The psychology behind green financial decisions

Our moral values influence if and how we choose to make climate-friendly green investments. But what we want to signal to the world around us – consciously or unconsciously – also matters. A new project will explore the psychological drivers that make us more inclined to choose a certain investment strategy instead of another. With the results, the researchers hope to introduce interventions that better promote sustainable investments among citizens.
Arvid Erlandsson

What makes people arrive at green, eco-friendly decisions? While green consumption in areas such as energy conservation, recycling, transportation, and food choices are common areas of behavioral research, this question is significantly less explored in how we use our financial assets, our savings, and our investments.

Arvid Erlandsson is assistant professor in social psychology and works at the research group JEDI-Lab, Linköping University. The group focuses on the psychology of decision-making. Arvid has previously taken an interest in questions about why people choose to help other people and he has, among other things, collaborated with charitable organisations. Now he is widening his scope of activities and will investigate green decision-making and behaviour.

In a new project together with SFL vice-director Joakim Sandberg, professor of both philosophy and economics, they want to investigate various psychological mechanisms behind green financial decisions. The goal is to see how different types of interventions work on different groups of people. The main thesis is that interventions that take into account both people’s stated moral values ​​and implicit social and signaling-related motives have greater potential than those that focus on only one of these. The results, they hope, can be used to develop new financial products and marketing methods that better take into account the driving forces and attitudes towards green choices that people have.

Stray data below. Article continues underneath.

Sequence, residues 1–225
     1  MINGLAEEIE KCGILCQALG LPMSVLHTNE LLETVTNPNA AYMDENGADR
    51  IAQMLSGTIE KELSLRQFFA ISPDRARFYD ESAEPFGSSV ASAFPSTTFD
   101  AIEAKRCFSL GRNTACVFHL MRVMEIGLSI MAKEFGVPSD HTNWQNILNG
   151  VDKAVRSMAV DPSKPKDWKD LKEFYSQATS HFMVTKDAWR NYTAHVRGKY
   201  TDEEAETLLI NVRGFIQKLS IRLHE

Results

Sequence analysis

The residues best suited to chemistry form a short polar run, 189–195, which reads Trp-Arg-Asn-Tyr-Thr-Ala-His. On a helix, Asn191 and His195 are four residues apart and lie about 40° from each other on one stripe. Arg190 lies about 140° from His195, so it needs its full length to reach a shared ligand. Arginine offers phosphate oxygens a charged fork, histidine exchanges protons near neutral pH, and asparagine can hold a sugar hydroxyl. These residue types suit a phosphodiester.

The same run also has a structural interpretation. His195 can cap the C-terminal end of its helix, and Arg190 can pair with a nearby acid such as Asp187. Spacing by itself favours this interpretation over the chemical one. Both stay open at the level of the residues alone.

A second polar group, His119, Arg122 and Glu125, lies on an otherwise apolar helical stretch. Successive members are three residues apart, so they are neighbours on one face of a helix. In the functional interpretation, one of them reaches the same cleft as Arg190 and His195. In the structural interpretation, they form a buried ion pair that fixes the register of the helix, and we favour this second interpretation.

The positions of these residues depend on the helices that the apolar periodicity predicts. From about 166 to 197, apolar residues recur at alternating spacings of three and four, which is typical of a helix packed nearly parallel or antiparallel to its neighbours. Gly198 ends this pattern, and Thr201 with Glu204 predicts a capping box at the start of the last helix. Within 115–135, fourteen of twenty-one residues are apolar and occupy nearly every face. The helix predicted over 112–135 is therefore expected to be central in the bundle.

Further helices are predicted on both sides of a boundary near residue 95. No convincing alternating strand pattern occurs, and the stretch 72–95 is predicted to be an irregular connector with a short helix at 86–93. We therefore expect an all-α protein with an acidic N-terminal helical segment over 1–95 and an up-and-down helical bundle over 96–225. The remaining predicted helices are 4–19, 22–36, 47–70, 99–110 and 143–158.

– We have already started collecting data. In the first block, 1,800 participants made investment decisions in a financial online game, says Arvid.

In one of several future blocks, the participants will read a short text describing an investment situation, and then rate it according to certain criteria. The situations include one of three investment strategies:

  • Exclusion, which means avoiding investing in the least environmentally friendly companies.
  • Inclusion, where part of the money is invested in exceptionally environmentally friendly companies.
  • Donation, where part of the profit is donated to a non-profit organization that works for a greener world.

The information text also includes the motives, which are divided into three value-based motives:

  • Selfish motive; earn as much money as possible.
  • Impact motive; to do what is best for the climate.
  • Moral identity motive; doing what is perceived to be in accordance with moral principles.

Alongside the value-based motives, there are also social motives, which are often unconscious:

  • Conformity motive; do what others do.
  • Reputation motive; do what makes you appear most likable and attractive in the eyes of others.

The researchers are primarily interested in investigating the social and symbolic dimension of green financial decisions. That is why it is the symbolic value that will be measured, i.e. how person A experiences person B’s green investments, and in what way it affects people’s investment behavior if decisions are made with or without an observer.

– From previous research, we already know that the exclusion strategy is the most popular among green investors, and we predict that many people will prefer it, even after they find out that the inclusion and donation strategy gives a better effect on the climate and the environment. We think this is because the signal value and reputation are enhanced by the exclusion strategy, since the other two strategies allow people to behave badly in order to do good. This means that people who use the exclusion strategy will be evaluated more positively, says Arvid Erlandsson.

The 4-year project is financed by the Marcus and Marianne Wallenberg Foundation with 4.5 SEK.

Text: Magnus Atterfors

Photo: Stefan Bladh

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